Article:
Damien Varley wants a reaction from Munster
Captain knows his side need to vastly improve before they face Glasgow
Munster captain Damien Varley: his side were unimpressive against Ulster in their final regular season game of the Rabodirect Pro12. Photograph: James Crombie/Inpho
Munster are angry with themselves and in the past very often that has sparked a response. Yet there have also been times when their League campaign has run aground – like three seasons ago – in the wake of a Heineken Cup exit, and not only has their form hit the buffers but they have only six days to ensure their season does not come to an end away to a comparatively in-form Glasgow this Friday.
The stark contrast between last Saturday’s 17-15 defeat at home to an under-strength Ulster and the 55-12 win in Edinburgh a week before has left Rob Penney and the Munster think tank with a host of selection posers.
“I think players should always be fearful for their places after a performance like that,” admits captain Damien Varley. “Everyone of us needs to look at ourselves and hold our hands up for that type of performance which is completely unacceptable in a Munster jersey.”
Although the evidence is therefore not conclusive, such is the Heineken Cup’s importance to the psyche of Munster home fans and team alike that the sense of anti-climax in light of a second successive semi-final exit appears to still linger.
“I wouldn’t say there is a worry that it is clouding our performance,” maintained Varley. “It is still upsetting. There is a Heineken Cup final on in two weeks time. We would love to be part of it, but we are not. We have to get on with it. We had a great win last weekend in Edinburgh and it is hugely disappointing that we turn up this weekend and play utter s**t!”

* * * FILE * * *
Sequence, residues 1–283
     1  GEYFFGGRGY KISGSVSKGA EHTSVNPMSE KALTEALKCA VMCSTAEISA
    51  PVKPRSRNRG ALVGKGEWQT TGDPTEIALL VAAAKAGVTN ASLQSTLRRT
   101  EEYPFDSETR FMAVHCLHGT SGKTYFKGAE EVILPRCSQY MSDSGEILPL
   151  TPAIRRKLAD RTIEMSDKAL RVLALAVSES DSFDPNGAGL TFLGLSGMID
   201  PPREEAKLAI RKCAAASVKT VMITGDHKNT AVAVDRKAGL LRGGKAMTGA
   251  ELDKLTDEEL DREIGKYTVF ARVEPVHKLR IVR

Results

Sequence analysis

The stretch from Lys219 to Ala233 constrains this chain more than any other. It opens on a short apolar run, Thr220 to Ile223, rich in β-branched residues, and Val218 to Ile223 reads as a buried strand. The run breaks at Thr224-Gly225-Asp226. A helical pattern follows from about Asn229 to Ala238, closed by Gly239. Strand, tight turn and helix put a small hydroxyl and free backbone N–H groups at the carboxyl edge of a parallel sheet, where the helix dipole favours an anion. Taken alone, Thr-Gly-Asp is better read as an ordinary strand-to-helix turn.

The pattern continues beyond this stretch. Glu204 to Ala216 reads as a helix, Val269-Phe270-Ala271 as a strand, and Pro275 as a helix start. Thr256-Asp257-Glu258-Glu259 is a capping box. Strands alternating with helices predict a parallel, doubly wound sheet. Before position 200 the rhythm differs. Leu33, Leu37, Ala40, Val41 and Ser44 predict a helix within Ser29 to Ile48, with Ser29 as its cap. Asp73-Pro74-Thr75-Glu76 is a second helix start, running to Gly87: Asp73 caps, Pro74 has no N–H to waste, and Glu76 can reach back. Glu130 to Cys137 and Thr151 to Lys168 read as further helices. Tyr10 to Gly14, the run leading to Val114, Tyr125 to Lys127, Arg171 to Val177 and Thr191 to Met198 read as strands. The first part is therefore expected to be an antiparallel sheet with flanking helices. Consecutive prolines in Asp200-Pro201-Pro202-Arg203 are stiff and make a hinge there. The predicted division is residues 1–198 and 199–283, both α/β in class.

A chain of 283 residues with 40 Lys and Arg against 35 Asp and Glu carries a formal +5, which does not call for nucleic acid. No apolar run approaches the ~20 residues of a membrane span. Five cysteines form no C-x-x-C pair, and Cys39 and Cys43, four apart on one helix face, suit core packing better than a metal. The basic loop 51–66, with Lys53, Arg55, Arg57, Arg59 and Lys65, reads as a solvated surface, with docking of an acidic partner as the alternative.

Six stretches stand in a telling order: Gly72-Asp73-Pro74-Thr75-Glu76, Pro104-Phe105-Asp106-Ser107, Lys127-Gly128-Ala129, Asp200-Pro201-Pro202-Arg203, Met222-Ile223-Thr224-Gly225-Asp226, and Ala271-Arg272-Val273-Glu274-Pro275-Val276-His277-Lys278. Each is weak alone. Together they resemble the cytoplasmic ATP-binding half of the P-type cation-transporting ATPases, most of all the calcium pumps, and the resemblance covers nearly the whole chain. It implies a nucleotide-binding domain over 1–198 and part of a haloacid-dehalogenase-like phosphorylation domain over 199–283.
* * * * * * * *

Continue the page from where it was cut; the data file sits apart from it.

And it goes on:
Compounded our mistakes
As to why their performance fell into the latter category, Varley said: “I think we should have been more direct and we forced, given the conditions and a terrible night, we didn’t adapt well enough to it. We compounded our mistakes throughout the night. That just never gave us the momentum. We could never get on the front foot . . .”
There must also be a fear that the defeat has damaged them psychologically, although again Varley maintained otherwise if admitting: “It is certainly extremely disappointing that we didn’t show up and I think we were kinda beaten up in areas around the park, more so once again, by stupid, unforced errors . . .”
“I think that allowed them get into the game, silly mistakes like not covering the blindside and they get a try off it. They got a huge momentum change from that, so psychologically I think it is upsetting, frustrating, but I think it has happened to us before going into big games where we have had a loss. That’s the professional game – we have to turn it around . . .”
Be that as it may, Glasgow enter the game on another of their end-of-season runs of good form, having won eight on the bounce, as they seek to atone for successive semi-final defeats away to Leinster. Accordingly, no-one can have any complaints with the bookies making them slight favourites, not even Varley.
“Absolutely. They embarrassed us here at Thomond Park not so long ago. I suppose we had a narrow victory over them earlier on in the year over there. It is going to be a huge game. I think they put 55 points up on Zebre [on Saturday]. I think they will put 55 points up on us if we turn up and play similarly as we did [against Ulster]. It is going to be a long week for us. I think we have a lot of work to do, a lot of preparations because it is going to be an extremely tough task. We try and set our standards in European rugby, but I think this fixture is certainly as big a task and challenge as we have come across all year.”